Counterpoint: Matthew Duss
I agree with you, Michael, that the Bush administration’s approach to Iran lacked cohesion and coordination, and so my answer to the question is no, President Obama should not adopt a policy toward Tehran more like the Bush administration’s.
In a number of ways, President Bush took an already difficult situation and made it worse. By casting Iran into the “axis of evil,” Bush earned a few seconds of applause at the cost of handing a huge propaganda victory to Iran’s hard-liners, which continued to pay dividends to them while shadowing Iran’s moderates through the end of Bush’s presidency. Moral clarity is important, but so is avoiding the kind of rhetorical grandstanding that strengthens enemies and alienates potential allies. Thankfully, Obama seems to understand this.
I take some issue with your assertion that the “Bush administration engaged the Islamic Republic more than any administration since Jimmy Carter’s.” While this is perhaps true if one simply tallies up the number of contacts and communications between the two governments, I think it does some injustice to the sort of good-faith attempt to change the U.S.-Iran relationship that many of us in the “pro-engagement crowd” would like to see undertaken. The nature of the engagement and the larger foreign policy context within which that engagement occurs are important.
I agree with you that credibility matters, but would also suggest that questions of credibility and reputation are a touchy business in international relations. It’s often difficult to predict or calibrate how one’s adversary will read one’s actions. The message sent is not guaranteed to be the message received. For example, in invading Iraq, the Bush administration intended to strengthen American credibility and send a message of “toughness” to Al Qaeda and affiliated extremists. The message received by millions of Arabs and Muslims, however -- greatly aided by frequent news footage of U.S. troops breaking down doors and holding Iraqi families at gunpoint -- was that America was at war with Muslims. Maintaining clarity and consistency, as well as avoiding invasions and occupations of other countries whenever possible, are keys to managing this.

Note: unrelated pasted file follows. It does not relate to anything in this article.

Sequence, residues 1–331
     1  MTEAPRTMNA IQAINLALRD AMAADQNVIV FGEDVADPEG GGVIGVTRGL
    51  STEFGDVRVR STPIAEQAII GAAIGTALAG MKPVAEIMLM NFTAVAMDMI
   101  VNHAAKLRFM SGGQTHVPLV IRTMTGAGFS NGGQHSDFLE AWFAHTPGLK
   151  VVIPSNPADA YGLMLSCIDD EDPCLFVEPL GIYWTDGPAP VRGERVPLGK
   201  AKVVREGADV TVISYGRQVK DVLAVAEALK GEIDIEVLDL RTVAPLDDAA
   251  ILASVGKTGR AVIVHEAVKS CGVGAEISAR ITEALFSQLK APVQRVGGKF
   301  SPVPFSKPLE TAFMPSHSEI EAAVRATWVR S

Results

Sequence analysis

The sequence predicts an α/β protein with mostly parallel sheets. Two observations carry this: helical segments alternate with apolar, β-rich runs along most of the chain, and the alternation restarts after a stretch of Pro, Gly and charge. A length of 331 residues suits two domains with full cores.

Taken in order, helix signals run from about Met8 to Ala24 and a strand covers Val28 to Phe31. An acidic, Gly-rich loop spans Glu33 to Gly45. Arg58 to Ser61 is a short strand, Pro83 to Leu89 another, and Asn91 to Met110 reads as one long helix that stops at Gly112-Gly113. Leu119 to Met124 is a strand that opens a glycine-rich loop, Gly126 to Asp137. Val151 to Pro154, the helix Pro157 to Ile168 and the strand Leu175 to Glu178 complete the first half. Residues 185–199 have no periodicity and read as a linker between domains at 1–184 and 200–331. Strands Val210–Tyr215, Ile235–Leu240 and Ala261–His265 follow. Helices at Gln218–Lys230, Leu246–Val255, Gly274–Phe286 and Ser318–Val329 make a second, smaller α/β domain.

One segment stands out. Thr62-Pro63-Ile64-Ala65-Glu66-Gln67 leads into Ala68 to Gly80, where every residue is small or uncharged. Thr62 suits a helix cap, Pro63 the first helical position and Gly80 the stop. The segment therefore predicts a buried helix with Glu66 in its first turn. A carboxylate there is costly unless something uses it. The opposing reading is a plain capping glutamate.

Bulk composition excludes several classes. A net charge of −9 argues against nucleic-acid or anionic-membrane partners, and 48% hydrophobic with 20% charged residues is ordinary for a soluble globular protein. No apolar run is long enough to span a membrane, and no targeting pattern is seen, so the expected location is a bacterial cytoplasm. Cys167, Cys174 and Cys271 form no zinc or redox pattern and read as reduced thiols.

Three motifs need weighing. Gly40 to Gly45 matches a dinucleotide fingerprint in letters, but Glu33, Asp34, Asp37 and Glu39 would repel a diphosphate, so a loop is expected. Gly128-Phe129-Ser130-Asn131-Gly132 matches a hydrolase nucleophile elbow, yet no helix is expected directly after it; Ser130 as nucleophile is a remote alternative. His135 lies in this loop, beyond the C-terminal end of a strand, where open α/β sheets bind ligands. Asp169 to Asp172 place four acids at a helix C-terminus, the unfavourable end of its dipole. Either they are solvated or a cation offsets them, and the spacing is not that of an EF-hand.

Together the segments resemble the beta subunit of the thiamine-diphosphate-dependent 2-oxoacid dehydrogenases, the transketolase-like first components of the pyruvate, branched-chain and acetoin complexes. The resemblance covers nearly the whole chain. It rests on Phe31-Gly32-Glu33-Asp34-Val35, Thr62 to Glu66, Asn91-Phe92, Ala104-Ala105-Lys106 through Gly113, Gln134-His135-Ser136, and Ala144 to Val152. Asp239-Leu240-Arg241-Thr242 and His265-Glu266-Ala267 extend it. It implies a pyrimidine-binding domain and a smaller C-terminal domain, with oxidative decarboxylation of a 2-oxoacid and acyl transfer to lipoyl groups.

You make a very important observation about the Iranian bus drivers’ trade union and the potential for a “Gdansk moment.” Creating the political space for this kind of organizing activity should be a goal of Obama’s Iran policy. I think the 1975 Helsinki accords -- which gave the Soviet Union security guarantees in return for statements in support of human rights -- offer a possible example. At the time, the accords were seen as a major victory for the Soviet Union (and decried as “appeasement” by American conservatives). Over the long term, however, they helped facilitate the rise of dissident organizations that played a significant role in bringing Communism down in Eastern Europe. (It’s worth acknowledging, though, that Iran’s supreme leader, Ayatollah Ali Khamenei and his cohorts are known to have studied the fall of Communism precisely in the hopes of avoiding such an outcome.)
Certainly we shouldn’t have any illusions about the nature of this Iranian regime. While I disagree that Iran is, in any real sense, still attempting to “export the revolution,” the regime is clearly engaged in a lot of bad behavior and is attempting gain influence and strategic depth wherever possible. We should also consider that, in the end, it simply may not be possible to change the U.S.-Iran relationship. But, given the alternatives, I believe it is strategically and morally imperative that we try.
Matthew Duss is a national security researcher and writer at the Center for American Progress.